Wildfires raged unchecked across parts of the western U.S. on Wednesday amid gusty and dry conditions, but forecasters said some weather relief was in sight that could help firefighters overwhelmed by the blazes.
In California, winds stoked unprecedented numbers of fires that have forced rescues and evacuations. In Washington, more acres burned in a single day than firefighters usually see all year. Fires also forced people to flee in Oregon and Idaho.
A temperature plunge of as much as 60 degrees, caused by a dramatic intrusion of polar air, helped slow wildfires that spread in Colorado and Montana.
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“The significantly colder airmass is helping reduce critical fire conditions across the West, however most of West coastline and adjacent counties have Red Flag warnings in effect for part of today,” the National Weather Service said. A warning is issued when conditions combine to produce an increased risk of fire danger.
Diminishing winds were possible by Thursday, “bringing some relief to the ongoing fires and fire weather threat,” forecasters said.
A massive cloud of smoke covered much of California on Wednesday, dimming the sun to an eerie orange glow over San Francisco.
About 125 miles (200 kilometers) to the northeast, winds fanned a huge fire in the Sierra Nevada foothills and forced authorities to order early morning evacuations and warn other residents to be ready to leave.
The area is not far from the town of Paradise, where 85 people were killed by a fire two years ago, and Oroville Dam, where failing spillways forced a massive evacuation in 2017.
On Tuesday, flames overtook 14 firefighters who had to deploy last-resort emergency shelters and destroyed a fire station in Los Padres National Forest on California’s central coast. They suffered burns and smoke inhalation, and three were flown to a hospital in Fresno, where one was in critical condition, the U.S. Forest Service said.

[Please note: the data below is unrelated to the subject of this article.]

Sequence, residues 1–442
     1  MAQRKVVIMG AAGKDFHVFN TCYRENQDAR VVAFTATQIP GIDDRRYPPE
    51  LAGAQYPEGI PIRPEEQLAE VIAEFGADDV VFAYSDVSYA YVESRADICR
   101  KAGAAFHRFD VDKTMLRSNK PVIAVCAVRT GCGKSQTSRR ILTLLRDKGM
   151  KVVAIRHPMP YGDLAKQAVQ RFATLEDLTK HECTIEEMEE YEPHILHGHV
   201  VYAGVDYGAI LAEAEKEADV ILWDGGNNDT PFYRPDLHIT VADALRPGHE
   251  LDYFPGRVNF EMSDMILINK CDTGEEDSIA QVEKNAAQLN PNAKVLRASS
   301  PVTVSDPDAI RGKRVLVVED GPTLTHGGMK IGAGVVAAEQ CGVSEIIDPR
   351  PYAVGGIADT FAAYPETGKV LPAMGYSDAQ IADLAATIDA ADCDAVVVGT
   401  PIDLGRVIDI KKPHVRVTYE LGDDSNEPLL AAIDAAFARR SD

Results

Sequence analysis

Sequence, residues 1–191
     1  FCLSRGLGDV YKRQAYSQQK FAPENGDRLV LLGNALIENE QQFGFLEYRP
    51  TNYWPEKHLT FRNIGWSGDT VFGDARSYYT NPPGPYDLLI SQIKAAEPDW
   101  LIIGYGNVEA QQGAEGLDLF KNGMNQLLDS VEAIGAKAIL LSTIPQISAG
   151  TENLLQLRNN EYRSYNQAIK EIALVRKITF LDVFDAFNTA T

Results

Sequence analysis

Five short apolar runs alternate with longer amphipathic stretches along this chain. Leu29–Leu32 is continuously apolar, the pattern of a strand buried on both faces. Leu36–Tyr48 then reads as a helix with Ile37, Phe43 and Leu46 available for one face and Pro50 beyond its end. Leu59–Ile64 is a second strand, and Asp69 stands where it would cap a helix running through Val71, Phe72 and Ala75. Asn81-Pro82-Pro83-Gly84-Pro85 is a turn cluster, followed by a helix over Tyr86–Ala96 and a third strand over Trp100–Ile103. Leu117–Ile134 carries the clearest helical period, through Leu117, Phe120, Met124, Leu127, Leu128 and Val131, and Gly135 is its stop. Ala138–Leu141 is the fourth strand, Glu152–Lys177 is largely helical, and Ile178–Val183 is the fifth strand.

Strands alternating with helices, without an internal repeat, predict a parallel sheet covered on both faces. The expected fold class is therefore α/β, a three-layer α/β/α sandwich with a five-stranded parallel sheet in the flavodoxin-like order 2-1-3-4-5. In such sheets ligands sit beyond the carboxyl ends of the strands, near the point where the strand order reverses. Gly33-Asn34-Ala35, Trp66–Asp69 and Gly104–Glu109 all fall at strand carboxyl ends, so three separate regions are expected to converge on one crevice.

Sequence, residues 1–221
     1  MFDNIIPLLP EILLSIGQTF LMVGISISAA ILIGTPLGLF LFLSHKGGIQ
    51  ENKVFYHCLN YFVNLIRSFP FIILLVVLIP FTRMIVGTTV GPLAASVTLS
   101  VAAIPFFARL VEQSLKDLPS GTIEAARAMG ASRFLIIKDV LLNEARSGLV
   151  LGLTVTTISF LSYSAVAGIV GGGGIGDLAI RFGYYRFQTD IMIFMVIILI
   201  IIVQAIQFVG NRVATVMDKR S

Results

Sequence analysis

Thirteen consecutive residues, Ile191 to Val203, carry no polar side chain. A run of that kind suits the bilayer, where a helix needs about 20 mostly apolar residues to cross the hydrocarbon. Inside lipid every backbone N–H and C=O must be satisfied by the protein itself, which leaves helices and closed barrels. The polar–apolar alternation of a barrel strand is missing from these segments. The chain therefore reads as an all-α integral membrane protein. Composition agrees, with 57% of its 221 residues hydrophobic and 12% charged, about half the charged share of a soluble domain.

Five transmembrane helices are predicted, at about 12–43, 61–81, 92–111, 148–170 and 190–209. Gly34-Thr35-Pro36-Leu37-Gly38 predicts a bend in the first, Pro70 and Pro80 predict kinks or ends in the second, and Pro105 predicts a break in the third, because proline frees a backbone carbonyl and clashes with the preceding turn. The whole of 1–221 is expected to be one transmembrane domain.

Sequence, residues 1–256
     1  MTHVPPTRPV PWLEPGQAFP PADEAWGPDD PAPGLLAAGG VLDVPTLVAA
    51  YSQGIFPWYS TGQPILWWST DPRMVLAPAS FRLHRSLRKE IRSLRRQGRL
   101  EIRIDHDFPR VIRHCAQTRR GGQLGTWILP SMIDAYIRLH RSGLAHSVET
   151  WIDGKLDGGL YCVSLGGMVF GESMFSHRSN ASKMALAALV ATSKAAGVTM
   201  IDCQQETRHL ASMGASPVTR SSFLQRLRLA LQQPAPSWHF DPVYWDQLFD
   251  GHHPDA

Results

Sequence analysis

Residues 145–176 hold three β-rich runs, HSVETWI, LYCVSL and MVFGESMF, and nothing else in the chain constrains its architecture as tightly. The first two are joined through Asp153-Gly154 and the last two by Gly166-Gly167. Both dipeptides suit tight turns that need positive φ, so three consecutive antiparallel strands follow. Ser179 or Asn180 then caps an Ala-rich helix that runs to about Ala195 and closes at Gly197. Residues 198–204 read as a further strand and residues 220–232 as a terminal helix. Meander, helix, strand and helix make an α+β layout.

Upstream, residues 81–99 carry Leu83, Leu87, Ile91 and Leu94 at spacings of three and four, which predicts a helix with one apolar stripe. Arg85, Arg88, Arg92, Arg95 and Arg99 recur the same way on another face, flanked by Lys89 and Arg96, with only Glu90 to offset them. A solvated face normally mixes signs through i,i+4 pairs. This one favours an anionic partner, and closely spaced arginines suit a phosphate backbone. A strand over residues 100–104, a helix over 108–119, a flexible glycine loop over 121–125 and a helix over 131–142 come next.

Helicopters have been used in recent days to rescue hundreds of people stranded in the burning Sierra National Forest, where a fire has destroyed 365 buildings, including at least 45 homes. About 5,000 buildings were threatened, fire officials said.
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Flames threatened the foothill community of Auberry between Shaver Lake and Fresno.
In Southern California, fires burned in the mountains of Los Angeles, San Bernardino and San Diego counties, with the potential for the region’s notorious Santa Ana winds to push flames out of wilderness and into communities.
People in a half-dozen foothill communities east of Los Angeles were being told to stay alert because of a fire in the Angeles National Forest.
“The combination of gusty winds, very dry air, and dry vegetation will create critical fire danger,” the National Weather Service warned.
The U.S. Forest Service on Monday closed all eight national forests in the southern half of the state and shutter campgrounds statewide.
More than 14,000 firefighters are battling fires in California Two of the three largest blazes in state history are burning in the San Francisco Bay Area, though they are largely contained after burning for three weeks.
The state has set a record with nearly 2.3 million acres burned this year and the worst part of the wildfire season is only beginning.
“It’s extraordinary, the challenge that we’ve faced so far this season,” Gov. Gavin Newsom said.
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The threat of winds tearing down power lines or hurling debris into them and sparking a wildfire prompted Pacific Gas & Electric, the state’s largest utility, to shut off power to 172,000 customers in Northern California. More outages were expected Wednesday, with power not expected to be completely restored until Wednesday night.
The Southern California Edison utility warned that about 55,000 customer accounts may lose power while San Diego Gas & Electric said 16,700 customers were at risk of a preemptive outage.
In the Sierra National Forest east of Fresno, dozens of campers and hikers were stranded at the Vermilion Valley Resort after the only road in — a narrow route snaking along a steep cliff — was closed Sunday because of the so-called Creek Fire.
“This is emblematic of how fast that fire was moving, plus the physical geography of that environment with one road in and one road out,” said Char Miller, a professor of environmental analysis at Pomona College, said of the helicopter rescues. “Unless you wanted an absolute human disaster, you had to move fast.”
Numerous studies in recent years have linked bigger wildfires to global warming. “The frequency of extreme wild fire weather has doubled in California over the past four decades, with the main driver being the effect of rising temperature on dry fuels, meaning that the fuel loads are now frequently at record or near-record levels when ignition occurs and when strong winds blow,” Stanford University climate scientist Noah Diffenbaugh said in an email.
The Associated Press contributed to this article